Durham officials are considering entering into a program run by the Connecticut Conference of Municipalities to replace the town’s halogen streetlights with more energy efficient LED lights.
An agreement, as described by First Selectman Laura Francis at the regular Dec. 9 Board of Selectmen meeting, would allow the engineering and electronics giant Siemens to study the lights in Durham and commit Durham to using Siemens if the town decides to convert to LED in the next year.
According to Francis, Durham spends approximately $40,000 on energy and maintenance costs for its streetlights yearly.
LED lights use less energy, but produce a better quality light than other energy efficient lights like CFLs. According to Francis, public safety officials generally endorse LED lights in streetlights because the light is clearer.
“CCM is hoping to get enough towns to participate so they reach what they call critical mass to achieve the most savings,” Francis said.
Saving money under the program depends on the bulk power of joining other municipalities for purchasing, energy, and maintenance expenses. LED lights cost significantly more than regular lights, usually requiring towns to make investments before realizing future savings.
Durham has previously explored conversion with a smaller group of towns but could not realize the savings of CCM’s program. “We will never be able to do this on our own,” Francis said. “Even with five towns it was hard for us to get the capital investment down to where it was manageable.”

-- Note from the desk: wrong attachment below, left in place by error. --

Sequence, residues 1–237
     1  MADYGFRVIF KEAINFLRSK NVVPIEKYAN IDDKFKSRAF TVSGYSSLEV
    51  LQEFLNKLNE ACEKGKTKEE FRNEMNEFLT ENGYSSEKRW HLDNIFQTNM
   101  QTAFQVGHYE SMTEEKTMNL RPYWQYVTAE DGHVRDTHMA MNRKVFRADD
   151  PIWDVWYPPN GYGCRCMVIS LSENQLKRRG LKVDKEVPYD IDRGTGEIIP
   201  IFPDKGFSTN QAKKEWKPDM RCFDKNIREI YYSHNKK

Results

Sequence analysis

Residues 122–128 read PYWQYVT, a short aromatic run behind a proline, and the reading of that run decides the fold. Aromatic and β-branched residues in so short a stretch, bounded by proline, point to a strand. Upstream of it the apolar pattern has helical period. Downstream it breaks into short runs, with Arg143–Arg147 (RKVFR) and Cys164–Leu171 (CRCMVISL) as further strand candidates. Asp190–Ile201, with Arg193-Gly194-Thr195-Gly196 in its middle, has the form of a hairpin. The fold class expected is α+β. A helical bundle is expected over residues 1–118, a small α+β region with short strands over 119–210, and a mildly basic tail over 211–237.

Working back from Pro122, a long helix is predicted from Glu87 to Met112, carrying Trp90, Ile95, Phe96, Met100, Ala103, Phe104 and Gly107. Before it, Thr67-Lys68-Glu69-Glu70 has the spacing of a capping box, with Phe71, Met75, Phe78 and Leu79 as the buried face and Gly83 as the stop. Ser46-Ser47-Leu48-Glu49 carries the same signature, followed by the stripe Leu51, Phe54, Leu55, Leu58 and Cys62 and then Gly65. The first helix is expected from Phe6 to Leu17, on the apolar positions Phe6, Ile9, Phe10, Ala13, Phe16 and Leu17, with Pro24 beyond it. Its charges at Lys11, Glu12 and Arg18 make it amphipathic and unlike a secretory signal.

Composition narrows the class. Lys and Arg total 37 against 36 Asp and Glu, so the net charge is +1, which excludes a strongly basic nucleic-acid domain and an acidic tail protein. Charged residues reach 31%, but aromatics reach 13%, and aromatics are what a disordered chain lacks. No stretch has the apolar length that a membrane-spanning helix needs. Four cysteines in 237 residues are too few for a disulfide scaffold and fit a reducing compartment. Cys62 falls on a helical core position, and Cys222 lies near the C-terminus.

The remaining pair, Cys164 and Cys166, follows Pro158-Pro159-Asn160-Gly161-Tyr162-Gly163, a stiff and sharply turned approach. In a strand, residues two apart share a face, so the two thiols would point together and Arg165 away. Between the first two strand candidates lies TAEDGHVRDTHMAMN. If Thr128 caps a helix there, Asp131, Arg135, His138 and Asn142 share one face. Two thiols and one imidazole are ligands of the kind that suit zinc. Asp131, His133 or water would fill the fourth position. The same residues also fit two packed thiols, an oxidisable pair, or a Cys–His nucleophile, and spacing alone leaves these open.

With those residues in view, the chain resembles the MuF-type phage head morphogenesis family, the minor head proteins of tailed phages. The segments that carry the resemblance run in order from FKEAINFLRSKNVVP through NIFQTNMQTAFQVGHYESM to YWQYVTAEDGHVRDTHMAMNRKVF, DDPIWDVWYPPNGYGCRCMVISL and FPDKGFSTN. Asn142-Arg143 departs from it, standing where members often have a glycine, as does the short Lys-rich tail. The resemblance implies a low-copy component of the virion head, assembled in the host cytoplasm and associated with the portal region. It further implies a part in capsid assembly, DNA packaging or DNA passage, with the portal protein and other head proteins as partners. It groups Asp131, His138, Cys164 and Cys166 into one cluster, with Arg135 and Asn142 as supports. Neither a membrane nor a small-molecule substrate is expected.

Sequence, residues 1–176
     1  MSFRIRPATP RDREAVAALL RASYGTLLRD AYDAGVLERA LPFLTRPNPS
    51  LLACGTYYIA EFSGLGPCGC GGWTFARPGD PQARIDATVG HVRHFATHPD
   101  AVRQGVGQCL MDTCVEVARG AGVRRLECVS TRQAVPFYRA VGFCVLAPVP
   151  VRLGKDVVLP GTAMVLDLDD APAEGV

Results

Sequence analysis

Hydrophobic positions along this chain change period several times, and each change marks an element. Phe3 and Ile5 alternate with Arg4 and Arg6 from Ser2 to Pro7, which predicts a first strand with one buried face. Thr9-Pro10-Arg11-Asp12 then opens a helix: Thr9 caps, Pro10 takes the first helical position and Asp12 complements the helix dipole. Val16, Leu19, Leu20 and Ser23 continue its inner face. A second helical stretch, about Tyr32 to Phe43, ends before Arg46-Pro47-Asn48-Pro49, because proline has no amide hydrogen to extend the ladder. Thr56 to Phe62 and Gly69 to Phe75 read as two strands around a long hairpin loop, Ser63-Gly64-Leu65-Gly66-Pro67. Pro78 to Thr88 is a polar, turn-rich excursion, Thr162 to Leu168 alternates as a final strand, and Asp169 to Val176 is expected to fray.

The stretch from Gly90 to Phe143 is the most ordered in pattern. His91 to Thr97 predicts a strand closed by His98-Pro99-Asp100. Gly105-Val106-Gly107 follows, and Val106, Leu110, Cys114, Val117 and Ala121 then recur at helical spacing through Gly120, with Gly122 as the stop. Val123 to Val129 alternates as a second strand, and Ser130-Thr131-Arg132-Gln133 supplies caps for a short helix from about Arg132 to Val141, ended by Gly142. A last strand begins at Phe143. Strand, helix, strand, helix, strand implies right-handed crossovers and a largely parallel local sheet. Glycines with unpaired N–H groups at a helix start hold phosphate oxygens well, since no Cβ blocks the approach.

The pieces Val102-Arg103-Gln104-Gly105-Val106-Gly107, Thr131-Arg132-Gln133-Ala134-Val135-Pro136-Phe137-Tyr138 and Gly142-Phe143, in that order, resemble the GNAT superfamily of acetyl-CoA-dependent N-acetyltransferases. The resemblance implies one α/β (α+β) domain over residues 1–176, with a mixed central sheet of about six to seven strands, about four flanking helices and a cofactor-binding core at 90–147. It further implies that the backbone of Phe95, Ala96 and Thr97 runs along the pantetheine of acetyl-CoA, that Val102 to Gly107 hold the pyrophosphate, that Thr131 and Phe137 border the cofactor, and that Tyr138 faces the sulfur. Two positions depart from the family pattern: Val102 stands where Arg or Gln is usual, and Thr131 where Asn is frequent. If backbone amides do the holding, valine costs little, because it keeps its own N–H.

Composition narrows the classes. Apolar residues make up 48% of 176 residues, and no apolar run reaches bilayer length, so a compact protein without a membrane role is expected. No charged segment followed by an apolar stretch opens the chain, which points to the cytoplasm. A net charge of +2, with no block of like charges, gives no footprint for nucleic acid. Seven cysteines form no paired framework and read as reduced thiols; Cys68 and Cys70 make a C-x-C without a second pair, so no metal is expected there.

In theory, the lights will last 20 years. According to a CCM handout, some towns have achieved savings in the range of 54% to 69% in their kilowatt hour consumption.
Durham’s Clean Energy and Sustainability Task Force has approved the program.
The selectmen estimated that Durham has about 400 streetlights. The streetlights are owned by Connecticut Light & Power and the town pays for running them. According to Francis, the conversion could be done in as little as one to two weeks.
Selectman John Szewczyk suggested putting off entering the program until the next meeting and wondered about hidden or future costs and the commitment of signing a letter of intent. “As long as we can say no afterward, I’m fine with it,” Szewczyk said.
“There is nothing here that requires us to go forward with the project. All this agreement says is if we do then we would do it with this program” for the next year, Francis said.
The BOS has scheduled their next meeting on Dec. 16 at 7 p.m. at the Town Hall.
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